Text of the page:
The argument that employment class action waivers are different from consumer class action waivers derives from Section 7 of the National Labor Relations Act (NLRA), which guarantees employees the right to engage in collective activities
Much has been said and written about Congress’ rejection of the CFPB proposal to ban class action waivers in arbitration agreements between consumers and financial services companies. One of the most frequent statements I have heard from some politicians in the media is that Congress has voted to ban class actions against banks. As is true with many political statements from both sides of the aisle, this one is only partially true. Here are a few additional (but not alternative) facts to place Congress’ action in context.
- The CFPB rule, and not Congress’ rejection of it, would have represented a change in the law. Since the Supreme Court’s 2011 decision in AT&T Mobility v. Concepcion, class action waivers have generally been enforceable in contracts for consumer financial services. The CFPB proposed rule was based on the agency’s authority granted under the Dodd-Frank Act. However, Congress and the President had the final say regarding whether the rule would take effect, and
Last week, the Supreme Court consolidated and agreed to hear three appeals of Circuit Court decisions concerning whether class action waivers contained in employment arbitration agreements infringe on employees’ rights under Section 7 of the National Labor Relations Act. According to the schedule currently in place, briefing on these cases will commence in late February 2017. Unless a ninth Supreme Court justice is appointed, confirmed, and seated before oral argument in this consolidated appeal, the possibility of a 4-4 decision—and resulting preservation of the status quo–looms large.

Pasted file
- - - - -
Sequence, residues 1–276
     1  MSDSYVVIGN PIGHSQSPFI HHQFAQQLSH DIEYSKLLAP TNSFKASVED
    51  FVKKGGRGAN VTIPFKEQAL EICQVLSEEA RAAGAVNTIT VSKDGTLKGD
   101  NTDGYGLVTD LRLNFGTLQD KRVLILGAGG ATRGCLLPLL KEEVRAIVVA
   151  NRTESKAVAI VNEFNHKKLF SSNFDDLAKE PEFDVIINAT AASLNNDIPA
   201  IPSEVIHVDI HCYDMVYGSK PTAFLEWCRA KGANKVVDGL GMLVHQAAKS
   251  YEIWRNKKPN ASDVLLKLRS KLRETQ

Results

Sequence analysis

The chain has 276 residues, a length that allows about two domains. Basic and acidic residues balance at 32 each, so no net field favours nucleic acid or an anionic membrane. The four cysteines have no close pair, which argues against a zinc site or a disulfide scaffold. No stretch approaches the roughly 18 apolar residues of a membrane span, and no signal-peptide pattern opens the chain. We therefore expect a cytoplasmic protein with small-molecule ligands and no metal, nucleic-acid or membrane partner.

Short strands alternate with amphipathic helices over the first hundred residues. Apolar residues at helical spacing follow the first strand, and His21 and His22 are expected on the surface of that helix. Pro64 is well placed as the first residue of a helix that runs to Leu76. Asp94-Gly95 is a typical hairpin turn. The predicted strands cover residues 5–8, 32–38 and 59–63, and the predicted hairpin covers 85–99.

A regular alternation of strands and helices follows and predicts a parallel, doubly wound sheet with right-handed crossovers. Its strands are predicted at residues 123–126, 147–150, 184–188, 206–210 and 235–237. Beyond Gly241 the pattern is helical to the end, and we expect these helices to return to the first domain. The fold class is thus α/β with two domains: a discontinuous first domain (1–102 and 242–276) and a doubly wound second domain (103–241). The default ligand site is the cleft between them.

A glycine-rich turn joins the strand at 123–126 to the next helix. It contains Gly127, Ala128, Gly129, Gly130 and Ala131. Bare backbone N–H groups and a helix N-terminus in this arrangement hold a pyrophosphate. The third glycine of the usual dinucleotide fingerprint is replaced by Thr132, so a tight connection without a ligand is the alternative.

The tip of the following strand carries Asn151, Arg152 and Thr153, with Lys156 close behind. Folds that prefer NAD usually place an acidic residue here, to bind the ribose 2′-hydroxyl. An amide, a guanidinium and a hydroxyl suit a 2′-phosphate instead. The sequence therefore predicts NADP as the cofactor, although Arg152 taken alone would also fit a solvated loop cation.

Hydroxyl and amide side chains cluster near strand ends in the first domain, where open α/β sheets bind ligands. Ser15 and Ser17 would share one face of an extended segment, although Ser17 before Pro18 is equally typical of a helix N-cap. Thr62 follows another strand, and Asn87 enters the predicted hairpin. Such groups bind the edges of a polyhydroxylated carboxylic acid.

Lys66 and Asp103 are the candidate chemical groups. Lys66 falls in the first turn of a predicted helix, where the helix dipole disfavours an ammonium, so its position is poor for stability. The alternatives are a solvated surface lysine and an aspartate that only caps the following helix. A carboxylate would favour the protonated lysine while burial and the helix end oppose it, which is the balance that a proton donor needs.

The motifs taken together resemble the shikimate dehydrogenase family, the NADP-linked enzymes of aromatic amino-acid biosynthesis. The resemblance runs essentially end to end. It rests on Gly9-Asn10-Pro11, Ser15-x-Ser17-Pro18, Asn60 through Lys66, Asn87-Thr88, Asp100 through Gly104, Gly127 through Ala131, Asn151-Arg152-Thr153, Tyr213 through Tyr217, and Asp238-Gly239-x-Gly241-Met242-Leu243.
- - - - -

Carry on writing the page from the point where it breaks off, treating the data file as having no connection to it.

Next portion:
Employers commonly use arbitration agreements to minimize the expense and exposure of employment-related claims. By mandating arbitration of employment disputes, they hope to ensure that these matters are resolved in a cost-effective and confidential manner. Many arbitration agreements go a step further, requiring employees to pursue their claims individually, and to waive their right to proceed on a class or collective basis. Unfortunately, the certainty employers have striven to achieve with such agreements has proven elusive in recent years, as the National Labor Relations Board (NLRB) and several courts have found that class action waivers violate employees’ rights.
Although the U.S. Supreme Court’s 2011 decision in AT&T Mobility LLC v. Concepcion upheld the enforceability of class action waivers in the consumer context, in the years since, the NLRB has repeatedly rejected the use of class action waivers in the employment context. In In re D.R. Horton, the NLRB held that class action waivers inherently infringe on employees’
We have written several times in this blog about what we perceived as the inconsisteny between the Massachusetts decisions in the Feeney v. Dell case and the SCOTUS decision in Concepcion….
Just over two years ago, the Supreme Court issued its decision in AT&T Mobility, LLC v. Concepcion, holding that the Federal Arbitration Act preempted a state rule that class action waivers…
Last week, the Massachusetts Supreme Judicial Court issued two long-awaited decisions concerning the enforceability of class action waivers in arbitration agreements. Feeney v. Dell, Inc. (…